Hey, I Didn't Rob a Bank Today – Mugshots, Defamation, and the TCPA

CBS Stations Group of Texas, LLC v. Burns
Dallas Court of Appeals, No. 05-21-00042-CV (September 27, 2021)
Before Justices Molberg, Nowell (Opinion), and Goldstein
        Unlike most of the appeals in the Fifth Court involving the Texas Citizens Participation Act (TCPA), CBS Stations Group of Texas, LLC v. Cedric Burns did not involve a dispute about whether the TCPA applied to the claims asserted—claims for defamation and intentional infliction of emotional distress (IIED) arising out of CBS’s mistaken use of Mr. Burns’s mugshot while airing a story on an armed bank robbery and subsequent high-speed chase. Instead, the issue before the Court was whether Mr. Burns had met his burden to “establish by clear and specific evidence a prima facie case for each essential element of [his] claim.”

        A Cedric Burns was arrested for bank robbery. But, it was not the Cedric Burns depicted in the mugshot provided to CBS by the Tarrant County Sheriff’s Office as it prepared to air a story on the crime. People who knew the Cedric Burns whose mugshot was displayed on TV notified him of the story, and he promptly contacted CBS about its mistake. CBS then removed all references to the story and the photograph from its digital platforms.

        Burns sued CBS for defamation and IIED. In response to CBS’s TCPA motion, Burns admitted that the story was a matter of public concern, thus making the TCPA applicable, but asserted that he had established all elements of his causes of action. The trial court apparently agreed, and denied the motion. The Dallas Court of Appeals reversed, rendered judgment granting the motion, and remanded for determination of fees and possible sanctions.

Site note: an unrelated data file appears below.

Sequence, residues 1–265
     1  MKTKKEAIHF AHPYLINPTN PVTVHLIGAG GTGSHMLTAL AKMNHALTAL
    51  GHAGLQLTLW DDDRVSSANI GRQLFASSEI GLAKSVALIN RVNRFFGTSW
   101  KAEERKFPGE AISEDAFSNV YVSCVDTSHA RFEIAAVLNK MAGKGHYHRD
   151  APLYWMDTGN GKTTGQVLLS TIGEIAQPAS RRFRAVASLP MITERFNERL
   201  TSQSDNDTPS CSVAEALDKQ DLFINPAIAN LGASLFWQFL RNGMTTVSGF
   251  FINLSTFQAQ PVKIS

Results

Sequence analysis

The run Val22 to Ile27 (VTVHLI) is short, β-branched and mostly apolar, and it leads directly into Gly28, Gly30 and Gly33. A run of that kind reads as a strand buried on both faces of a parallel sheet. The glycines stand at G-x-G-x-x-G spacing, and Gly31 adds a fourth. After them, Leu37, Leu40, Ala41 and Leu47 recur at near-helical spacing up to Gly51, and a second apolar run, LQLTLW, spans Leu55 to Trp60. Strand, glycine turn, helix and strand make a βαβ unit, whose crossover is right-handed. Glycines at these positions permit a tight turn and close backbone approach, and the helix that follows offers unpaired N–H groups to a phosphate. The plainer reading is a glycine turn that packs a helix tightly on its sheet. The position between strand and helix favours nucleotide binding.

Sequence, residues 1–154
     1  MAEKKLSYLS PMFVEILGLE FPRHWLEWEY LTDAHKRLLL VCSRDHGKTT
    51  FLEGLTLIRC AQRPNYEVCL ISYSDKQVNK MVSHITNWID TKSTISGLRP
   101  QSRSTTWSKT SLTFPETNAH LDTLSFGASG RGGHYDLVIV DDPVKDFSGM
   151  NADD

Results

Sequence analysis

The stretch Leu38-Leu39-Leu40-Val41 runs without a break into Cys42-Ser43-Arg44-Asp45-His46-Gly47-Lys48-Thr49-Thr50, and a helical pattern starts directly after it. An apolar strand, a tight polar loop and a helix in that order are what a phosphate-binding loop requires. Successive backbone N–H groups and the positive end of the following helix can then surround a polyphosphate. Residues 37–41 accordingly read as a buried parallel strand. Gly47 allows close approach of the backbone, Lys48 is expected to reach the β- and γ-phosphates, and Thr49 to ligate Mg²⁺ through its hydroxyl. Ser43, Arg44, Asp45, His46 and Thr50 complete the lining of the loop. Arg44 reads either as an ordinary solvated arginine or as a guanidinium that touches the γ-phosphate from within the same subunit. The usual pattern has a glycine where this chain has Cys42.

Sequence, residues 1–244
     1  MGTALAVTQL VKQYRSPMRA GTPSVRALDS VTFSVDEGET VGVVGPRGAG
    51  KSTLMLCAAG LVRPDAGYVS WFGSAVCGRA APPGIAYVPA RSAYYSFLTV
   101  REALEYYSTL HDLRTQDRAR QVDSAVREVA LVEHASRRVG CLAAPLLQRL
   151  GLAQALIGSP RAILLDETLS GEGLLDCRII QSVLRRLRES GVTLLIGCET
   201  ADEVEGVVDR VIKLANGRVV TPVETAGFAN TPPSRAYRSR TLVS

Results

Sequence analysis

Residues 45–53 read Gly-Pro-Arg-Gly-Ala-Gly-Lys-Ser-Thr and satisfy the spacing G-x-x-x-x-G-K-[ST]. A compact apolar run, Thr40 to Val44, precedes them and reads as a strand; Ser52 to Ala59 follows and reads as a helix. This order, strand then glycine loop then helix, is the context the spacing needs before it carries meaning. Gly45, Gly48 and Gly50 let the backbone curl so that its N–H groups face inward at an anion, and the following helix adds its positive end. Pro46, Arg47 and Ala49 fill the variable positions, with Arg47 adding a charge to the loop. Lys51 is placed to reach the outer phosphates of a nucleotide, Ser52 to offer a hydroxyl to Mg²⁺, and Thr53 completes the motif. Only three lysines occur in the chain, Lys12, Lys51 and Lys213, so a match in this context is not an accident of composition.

A key issue decided by the Court was whether CBS acted with the “requisite degree of fault” for a defamation claim when it used the mugshot provided by the Sheriff. The applicable degree of fault is determined by whether Burns was a public figure. A public figure must prove malice, while a private individual must only prove negligence. Here, because Burns had nothing to do with the story, and was not otherwise widely known, the Court considered him a private individual, and therefore analyzed the evidence for CBS’s negligence.

        For broadcasters, defamation requires that the person knew or should have known that the statement at issue was false. The content must warn a reasonably prudent editor or broadcaster of its defamatory potential. Here, there was nothing in the record showing that CBS knew or should have known that the mugshot provided to it by the Tarrant County Sheriff’s Office was not the correct Cedric Burns arrested earlier in the day. The Court of Appeals found that lack of proof to be determinative, and rendered judgment dismissing the defamation claim under the TCPA.

        Likewise, the Court dismissed the IIED claim. IIED is a “gap filler” claim limited to rare circumstances when egregious conduct causes emotional harm, but no other cause of action applies. Burns’s allegations and evidence forming his IIED claim were the same as his defamation claim. Therefore, it also failed.
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